News: Georgia National Guardsmen teach veterinary skills to Afghans
Story by Sgt. Ned Johnson
CAMP LEATHERNECK, Afghanistan — In rural Afghanistan, many Afghans raise livestock and grow crops for survival and not profit. The death of a goat or loss of crops could lead to hungry children for a family.
In northern Helmand province, soldiers with the Georgia National Guard Agricultural Development Team III, Regimental Combat Team 7, are working with Afghan government agents to educate local farmers about livestock.
District levels of the Government of the Islamic Republic of Afghanistan employ agricultural, irrigation and livestock agents. The veterinary team, headed by U.S. Army Maj. Eugene Johnson, a veterinarian with ADT III, travels to the districts to teach these government employees.
Once the Vet Team teaches the government official, the Afghan then teaches his own people. The Afghan agricultural agents use posters in Pashtu to teach basic veterinary lessons designed by the soldiers.
“We are giving them the knowledge to teach their people their way,” said Johnson, a native of Platte City, MO. “They keep asking for more because they want the knowledge.”
The vet team gives the initial class, but after that the Afghans have done a great job teaching the local farmers, said Spc. Cynthia Medina, a native of Canton, Ga., and a veterinarian technician with ADT III.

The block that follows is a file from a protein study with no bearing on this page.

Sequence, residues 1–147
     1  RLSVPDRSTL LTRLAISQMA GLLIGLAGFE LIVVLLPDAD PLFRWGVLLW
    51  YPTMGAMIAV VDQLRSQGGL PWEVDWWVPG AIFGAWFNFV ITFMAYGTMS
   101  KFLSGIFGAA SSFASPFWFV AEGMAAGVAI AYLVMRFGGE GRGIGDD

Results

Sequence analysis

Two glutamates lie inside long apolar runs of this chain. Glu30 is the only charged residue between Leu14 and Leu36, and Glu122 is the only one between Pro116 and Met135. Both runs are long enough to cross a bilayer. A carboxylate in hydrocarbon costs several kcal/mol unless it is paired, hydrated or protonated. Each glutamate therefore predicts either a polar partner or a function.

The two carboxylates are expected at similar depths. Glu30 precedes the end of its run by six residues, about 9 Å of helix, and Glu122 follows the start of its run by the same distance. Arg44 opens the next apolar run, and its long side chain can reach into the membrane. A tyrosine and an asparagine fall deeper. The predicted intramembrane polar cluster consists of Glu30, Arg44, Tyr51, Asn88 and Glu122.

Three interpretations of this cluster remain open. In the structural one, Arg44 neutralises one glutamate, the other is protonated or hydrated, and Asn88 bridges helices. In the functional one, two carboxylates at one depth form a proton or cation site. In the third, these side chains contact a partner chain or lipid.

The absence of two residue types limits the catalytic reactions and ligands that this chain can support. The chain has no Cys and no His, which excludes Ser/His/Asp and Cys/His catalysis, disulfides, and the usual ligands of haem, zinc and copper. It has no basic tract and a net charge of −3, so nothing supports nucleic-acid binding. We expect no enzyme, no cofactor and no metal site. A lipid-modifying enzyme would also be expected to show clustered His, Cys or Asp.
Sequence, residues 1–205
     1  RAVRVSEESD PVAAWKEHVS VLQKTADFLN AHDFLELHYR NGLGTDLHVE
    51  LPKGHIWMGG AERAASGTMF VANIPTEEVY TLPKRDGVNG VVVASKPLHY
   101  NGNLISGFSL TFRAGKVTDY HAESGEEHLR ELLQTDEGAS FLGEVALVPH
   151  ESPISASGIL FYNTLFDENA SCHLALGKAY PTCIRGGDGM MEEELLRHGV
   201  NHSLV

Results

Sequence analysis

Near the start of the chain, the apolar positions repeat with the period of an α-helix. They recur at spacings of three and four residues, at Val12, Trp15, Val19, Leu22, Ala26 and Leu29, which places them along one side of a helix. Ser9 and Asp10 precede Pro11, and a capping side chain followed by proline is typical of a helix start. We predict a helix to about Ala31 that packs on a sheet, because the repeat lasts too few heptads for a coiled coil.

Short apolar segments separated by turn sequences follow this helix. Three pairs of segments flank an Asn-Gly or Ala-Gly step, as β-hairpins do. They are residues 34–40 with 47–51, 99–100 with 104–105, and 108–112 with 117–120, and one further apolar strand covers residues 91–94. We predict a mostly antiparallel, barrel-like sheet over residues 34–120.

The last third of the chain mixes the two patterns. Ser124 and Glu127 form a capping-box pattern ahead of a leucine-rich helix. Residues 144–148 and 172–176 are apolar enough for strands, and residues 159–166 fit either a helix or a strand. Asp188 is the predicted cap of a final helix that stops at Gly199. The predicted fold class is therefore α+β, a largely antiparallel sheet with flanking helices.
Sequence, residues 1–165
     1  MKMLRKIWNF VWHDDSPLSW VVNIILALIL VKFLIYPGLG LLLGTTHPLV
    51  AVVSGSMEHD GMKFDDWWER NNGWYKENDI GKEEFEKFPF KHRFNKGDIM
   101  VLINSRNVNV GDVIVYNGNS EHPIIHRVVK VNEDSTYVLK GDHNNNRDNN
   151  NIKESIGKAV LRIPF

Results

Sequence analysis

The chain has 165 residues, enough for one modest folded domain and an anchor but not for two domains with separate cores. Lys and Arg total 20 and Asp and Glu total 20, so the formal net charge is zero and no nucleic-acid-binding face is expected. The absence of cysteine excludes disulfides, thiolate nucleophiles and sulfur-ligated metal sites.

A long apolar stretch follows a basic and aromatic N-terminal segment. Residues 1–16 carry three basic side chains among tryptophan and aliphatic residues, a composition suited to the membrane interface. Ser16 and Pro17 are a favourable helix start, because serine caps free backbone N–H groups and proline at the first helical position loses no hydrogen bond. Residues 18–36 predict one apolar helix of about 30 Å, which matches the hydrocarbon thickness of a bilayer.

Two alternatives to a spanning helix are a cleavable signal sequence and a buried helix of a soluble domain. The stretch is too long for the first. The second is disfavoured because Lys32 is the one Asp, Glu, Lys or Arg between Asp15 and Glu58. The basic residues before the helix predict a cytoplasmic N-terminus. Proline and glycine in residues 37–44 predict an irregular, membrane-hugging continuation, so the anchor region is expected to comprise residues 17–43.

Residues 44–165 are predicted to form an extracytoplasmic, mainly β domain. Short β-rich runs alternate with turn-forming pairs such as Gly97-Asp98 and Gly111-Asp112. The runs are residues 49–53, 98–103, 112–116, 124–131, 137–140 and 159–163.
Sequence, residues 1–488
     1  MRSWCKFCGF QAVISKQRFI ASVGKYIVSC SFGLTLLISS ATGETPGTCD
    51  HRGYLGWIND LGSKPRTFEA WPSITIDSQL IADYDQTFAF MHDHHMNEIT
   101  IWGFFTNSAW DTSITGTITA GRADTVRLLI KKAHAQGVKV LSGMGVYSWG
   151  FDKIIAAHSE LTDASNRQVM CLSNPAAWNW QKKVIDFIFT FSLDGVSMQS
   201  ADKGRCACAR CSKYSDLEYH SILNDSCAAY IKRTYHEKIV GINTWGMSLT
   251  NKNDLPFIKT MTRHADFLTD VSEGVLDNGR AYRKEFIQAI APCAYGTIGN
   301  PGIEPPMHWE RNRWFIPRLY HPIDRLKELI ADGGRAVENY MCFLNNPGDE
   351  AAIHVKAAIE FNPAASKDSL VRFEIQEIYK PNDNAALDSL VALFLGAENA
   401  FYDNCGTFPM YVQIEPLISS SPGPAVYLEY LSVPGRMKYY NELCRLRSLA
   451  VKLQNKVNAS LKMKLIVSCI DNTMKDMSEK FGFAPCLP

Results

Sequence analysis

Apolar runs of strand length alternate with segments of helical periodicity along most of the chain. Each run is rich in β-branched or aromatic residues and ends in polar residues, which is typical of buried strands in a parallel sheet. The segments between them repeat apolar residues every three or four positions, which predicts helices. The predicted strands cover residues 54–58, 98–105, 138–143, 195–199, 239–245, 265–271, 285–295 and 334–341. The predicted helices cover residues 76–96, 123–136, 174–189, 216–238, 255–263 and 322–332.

“He was asking questions to the farmers and being interactive,” Medina said about one of the Afghans teaching a class. “The class went very well.”
The team teaches classes on nutrition, disease and parasites. Johnson said the team focuses the classes based on issues given to them by the Afghans.
The animal experts also try to provide affordable solutions based around items readily available in Helmand.
“We always try to keep their country in mind,” Johnson said. “If we can teach them simple things to improve their livestock, we can make a big difference.”
Many of the Afghans have no formal education but are very willing to learn all they can because it affects their lives, Johnson said.
They are also willing to show the soldiers how they usually do things, so Johnson and his team can show them ways to improve. Medina created a simulated calf, spending a week coloring in its spots and features to make it look real, so the Afghans could conduct practical application training. The team also uses a wooden, simulated cow pelvis to show the Afghans techniques for birthing.
The soldiers with ADT III, who have been here since January, think their hands-on approach has worked and would not have it any other way.
“We’ve made a lot of ground, and I believe we have made an impact,” Johnson said. “There’s no place I’d rather be than working with the guys on the ground.”